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Congress reaches deal to fund gun violence research for first time in decades
Federal agencies will receive $25 million from Congress to study gun violence in a government spending deal reached by House and Senate negotiators - a major win for Democrats who have long pushed for dedicated funding to research the issue, a source told The Hill.
"Democrats have broken the ban on funding for the first time in decades," the source said.
The deal includes $12.5 million each for the Centers for Disease Control and Prevention (CDC) and National Institutes of Health to study gun violence and ways to prevent it.
It's the first time in more than 20 years that Congress has appropriated money for gun violence research.
"Taking action should never have taken more than 20 years," said Rep. Rosa DeLauro (D-Conn.), who helped secure the funding.
"The significance of this achievement cannot be understated, and it follows on the progress we made earlier this year by holding the first hearing on gun violence research in more than two decades."
Congress stopped funding gun violence research in 1996 after an amendment passed blocking agencies from using federal funds to advocate for gun control.
While the so-called Dickey Amendment - named for its author, former Sen. Jay Dickey (R-Ark.) - does not prevent federal agencies from studying gun violence, that was its effect.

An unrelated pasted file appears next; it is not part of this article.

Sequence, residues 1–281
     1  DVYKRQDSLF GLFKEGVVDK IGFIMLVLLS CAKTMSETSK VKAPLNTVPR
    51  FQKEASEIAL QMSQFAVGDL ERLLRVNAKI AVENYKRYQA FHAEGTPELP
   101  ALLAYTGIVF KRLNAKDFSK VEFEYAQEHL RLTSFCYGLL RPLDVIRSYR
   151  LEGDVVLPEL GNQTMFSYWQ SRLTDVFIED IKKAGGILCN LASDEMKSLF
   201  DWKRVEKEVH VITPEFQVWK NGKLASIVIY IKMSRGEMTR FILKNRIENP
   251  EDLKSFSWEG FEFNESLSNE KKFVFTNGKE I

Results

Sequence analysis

Democrats last year won an agreement to "clarify" in future spending bills that the amendment did not prohibit agencies from studying gun violence.
Still, leaders at the CDC said they needed dedicated funding from Congress to study the issue.
While Democrats had tried for years to end the amendment, they shifted their strategy this year, pushing for $50 million in funding while leaving the amendment in place in an attempt to allay concerns that the money could be used inappropriately.
Gun violence research funding was viewed as a top priority for the new Democratic House majority after years of deadly mass shootings in schools, churches and other public spaces.
DeLauro said the funding will help the federal government understand the correlation between domestic violence and gun violence, how Americans can more safely store guns and how to reduce suicide by firearms.
"This is a major step forward to helping reduce the pain and suffering families endure every day due to the scourge of gun violence," she said.
She noted Saturday was the seven-year anniversary of the Sandy Hook Elementary School shooting, which left 20 children and six adults dead.
Former Rep. Gabrielle Giffords (D-Ariz.), who became an advocate for reducing gun violence after being shot in the head at an event in 2011, said the funding will help "solve one of our nation's most deadly and embarrassing problems."
Health experts have long said gun violence should be treated as a public health crisis that kills thousands of Americans every year.
However, other actions aimed at reducing gun violence have stalled. House Democrats passed a bill this year that would require universal background checks, but it has not received a vote in the Senate and President Trump opposes it.
The White House had been in talks this fall with members of Congress about potential actions on gun violence but so far nothing has come of it.
Updated at 3:58 pm.